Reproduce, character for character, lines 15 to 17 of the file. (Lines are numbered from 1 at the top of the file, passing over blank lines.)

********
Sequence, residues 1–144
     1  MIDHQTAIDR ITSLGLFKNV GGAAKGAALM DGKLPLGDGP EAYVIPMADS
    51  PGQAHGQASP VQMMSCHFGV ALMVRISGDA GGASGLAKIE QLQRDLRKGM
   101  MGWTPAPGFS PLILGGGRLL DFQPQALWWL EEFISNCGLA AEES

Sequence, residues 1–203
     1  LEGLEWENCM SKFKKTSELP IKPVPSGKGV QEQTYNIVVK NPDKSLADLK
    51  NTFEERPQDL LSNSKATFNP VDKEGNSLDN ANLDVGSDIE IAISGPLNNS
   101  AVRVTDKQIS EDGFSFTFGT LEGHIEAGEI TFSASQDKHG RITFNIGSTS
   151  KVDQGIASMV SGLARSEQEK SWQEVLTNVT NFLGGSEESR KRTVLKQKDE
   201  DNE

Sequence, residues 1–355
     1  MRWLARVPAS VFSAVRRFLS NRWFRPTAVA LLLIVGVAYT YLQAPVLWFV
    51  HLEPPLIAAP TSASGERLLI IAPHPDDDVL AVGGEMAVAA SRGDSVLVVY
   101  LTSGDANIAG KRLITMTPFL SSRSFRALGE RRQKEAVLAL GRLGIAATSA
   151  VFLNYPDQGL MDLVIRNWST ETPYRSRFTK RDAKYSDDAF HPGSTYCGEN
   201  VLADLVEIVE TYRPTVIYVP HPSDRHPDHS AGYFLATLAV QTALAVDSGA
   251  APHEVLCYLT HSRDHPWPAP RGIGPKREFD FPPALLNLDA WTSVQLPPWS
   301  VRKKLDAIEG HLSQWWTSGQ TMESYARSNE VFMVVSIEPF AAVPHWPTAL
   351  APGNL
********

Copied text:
   151  VFLNYPDQGL MDLVIRNWST ETPYRSRFTK RDAKYSDDAF HPGSTYCGEN
   201  VLADLVEIVE TYRPTVIYVP HPSDRHPDHS AGYFLATLAV QTALAVDSGA
   251  APHEVLCYLT HSRDHPWPAP RGIGPKREFD FPPALLNLDA WTSVQLPPWS